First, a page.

As I write this bit, it’s February and I am in Grasmere, in the Lake District. It’s raining and has been for much, but not all, of my stay here so far. At times the sun has broken through the clouds (and it’s Wordsworth country so I’ll leave any description of that to the experts) and revealed the peaks of hills in their isolated beauty.
The weather hasn’t stopped me exploring the daffodil park, the Wordsworth family graves, the narrow lanes, the hills, the edge of Grasmere itself, in my search for a clearer head and a calmer heart. And when I’m not out in the wind and the rain and the occasional sun, I’m in a beautiful hotel room, sleeping in a four-poster bed, or I’m in the jacuzzi in my bathroom (really. No, really) with a glass of wine, reading E.L. Doctorow’s novel Ragtime and Julie Orringer’s astonishing short story collection, How to Breathe Underwater.
Doctorow has crept up on me to become one of my favourite writers. Ragtime is only the third novel of his that I’ve read, Homer and Langley and The Book of Daniel being the others. These three novels take as their starting points the landscape that characterises America in the 20th century (the jazz age, the McCarthy trials, racial tension, personal retreat from the actual and perceived terrors of this new world), and weave real people (the Collyers, the Rosenbergs, Houdini, Henry Ford, Emma Goldman) into historical fictions that are so close to where we are now that their themes and subtexts can easily stretch out to tap us on the shoulder; remind us of who we really are while we are pretending to be someone else.
The short stories are patchier, but the best ones are as dark and complex and as full of psychological insight as the novels. In ‘Wakefield’, a man leaves home for work and instead takes root in the apartment above the family garage where he stays, unknown to his wife and child, while they try to learn to live with his disappearance. In ‘Edgemont Drive’, a man visits his childhood home in order to commit suicide there. Life, Doctorow shows us, is precarious and messy. And the world he shows to us is not always worth living in. At his best, Doctorow leans into me and whispers knowingly in my ear.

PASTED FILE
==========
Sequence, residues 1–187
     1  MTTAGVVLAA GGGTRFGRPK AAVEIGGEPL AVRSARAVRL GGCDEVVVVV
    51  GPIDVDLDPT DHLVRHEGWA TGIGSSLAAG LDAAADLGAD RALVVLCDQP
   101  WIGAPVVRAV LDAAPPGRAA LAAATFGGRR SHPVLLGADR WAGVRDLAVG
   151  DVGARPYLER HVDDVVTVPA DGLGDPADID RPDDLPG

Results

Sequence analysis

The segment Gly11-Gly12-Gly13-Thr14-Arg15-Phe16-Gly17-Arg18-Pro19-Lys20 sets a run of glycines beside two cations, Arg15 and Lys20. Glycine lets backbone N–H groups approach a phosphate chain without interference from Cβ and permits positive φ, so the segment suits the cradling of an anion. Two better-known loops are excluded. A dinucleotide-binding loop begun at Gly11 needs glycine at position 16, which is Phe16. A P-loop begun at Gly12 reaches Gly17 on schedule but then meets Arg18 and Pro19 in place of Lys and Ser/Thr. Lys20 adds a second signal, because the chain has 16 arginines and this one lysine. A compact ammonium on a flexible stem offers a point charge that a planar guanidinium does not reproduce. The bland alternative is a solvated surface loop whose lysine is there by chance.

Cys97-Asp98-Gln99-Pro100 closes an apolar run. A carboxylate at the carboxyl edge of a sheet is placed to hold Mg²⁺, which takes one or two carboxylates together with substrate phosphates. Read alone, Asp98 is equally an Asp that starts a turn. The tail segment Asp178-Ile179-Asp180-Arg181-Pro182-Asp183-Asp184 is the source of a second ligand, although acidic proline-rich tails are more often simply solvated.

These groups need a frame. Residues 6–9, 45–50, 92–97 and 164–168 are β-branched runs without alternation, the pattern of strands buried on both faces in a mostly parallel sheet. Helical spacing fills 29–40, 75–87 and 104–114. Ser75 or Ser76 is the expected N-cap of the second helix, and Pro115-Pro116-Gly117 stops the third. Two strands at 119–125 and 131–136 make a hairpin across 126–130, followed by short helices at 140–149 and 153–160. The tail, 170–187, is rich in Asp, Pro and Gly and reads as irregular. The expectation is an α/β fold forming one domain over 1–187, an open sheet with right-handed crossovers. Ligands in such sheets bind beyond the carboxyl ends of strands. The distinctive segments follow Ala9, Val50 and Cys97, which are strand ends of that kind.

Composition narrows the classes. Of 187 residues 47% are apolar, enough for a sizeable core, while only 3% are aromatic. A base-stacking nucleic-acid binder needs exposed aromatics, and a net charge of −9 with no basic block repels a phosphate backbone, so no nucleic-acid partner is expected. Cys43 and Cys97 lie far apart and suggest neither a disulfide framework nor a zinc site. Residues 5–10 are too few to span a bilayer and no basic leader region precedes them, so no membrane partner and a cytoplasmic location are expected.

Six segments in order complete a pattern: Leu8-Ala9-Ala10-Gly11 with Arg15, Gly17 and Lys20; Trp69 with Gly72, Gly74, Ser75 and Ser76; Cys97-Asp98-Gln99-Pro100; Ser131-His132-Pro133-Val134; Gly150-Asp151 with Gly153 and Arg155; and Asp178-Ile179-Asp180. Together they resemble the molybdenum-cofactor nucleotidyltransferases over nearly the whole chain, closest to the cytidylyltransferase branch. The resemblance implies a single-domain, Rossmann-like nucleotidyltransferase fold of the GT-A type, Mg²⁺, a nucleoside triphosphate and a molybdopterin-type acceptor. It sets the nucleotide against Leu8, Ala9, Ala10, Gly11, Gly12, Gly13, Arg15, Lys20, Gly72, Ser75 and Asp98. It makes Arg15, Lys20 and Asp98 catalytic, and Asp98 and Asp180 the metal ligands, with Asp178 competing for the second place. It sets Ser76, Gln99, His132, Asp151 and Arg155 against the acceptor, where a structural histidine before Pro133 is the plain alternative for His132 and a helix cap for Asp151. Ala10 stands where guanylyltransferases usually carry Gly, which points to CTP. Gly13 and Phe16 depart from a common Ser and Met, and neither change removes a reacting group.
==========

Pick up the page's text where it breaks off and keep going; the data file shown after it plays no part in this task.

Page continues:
I’ve also been editing some of my own stories: going line by line through feedback and suggestions, adding and expanding, or removing and reducing. A word here; a sentence there; description, characterisation. Spotting errors in plotting (such as it is). I’ve done the laborious work of transcribing my handwritten drafts of new stories written on previous trips, editing as I go, working through the links to my collection, working out how characters that are peripheral in other stories could move centre stage to star in their own. To this end, I created a story about David McIntyre, the boy who is set on fire in ‘10.17 pm’. Whilst one could argue that McIntyre is a central character, providing as he does the focal point of the plot, that story is, of course, about its unnamed narrator – not just because it is told in the first person from her point of view, but because it is about her actions, their long-lasting, seemingly hidden effects, as they continue their increasingly relentless rampage through her memories. But McIntyre is one of many characters in my growing collection who deserves his own voice, and I let him speak in a (still untitled) draft. We learn more about him, and in doing so we learn more about his tormentors, specifically the ringleader from ‘10.17 pm’, now given a name – Jane M. Bailey.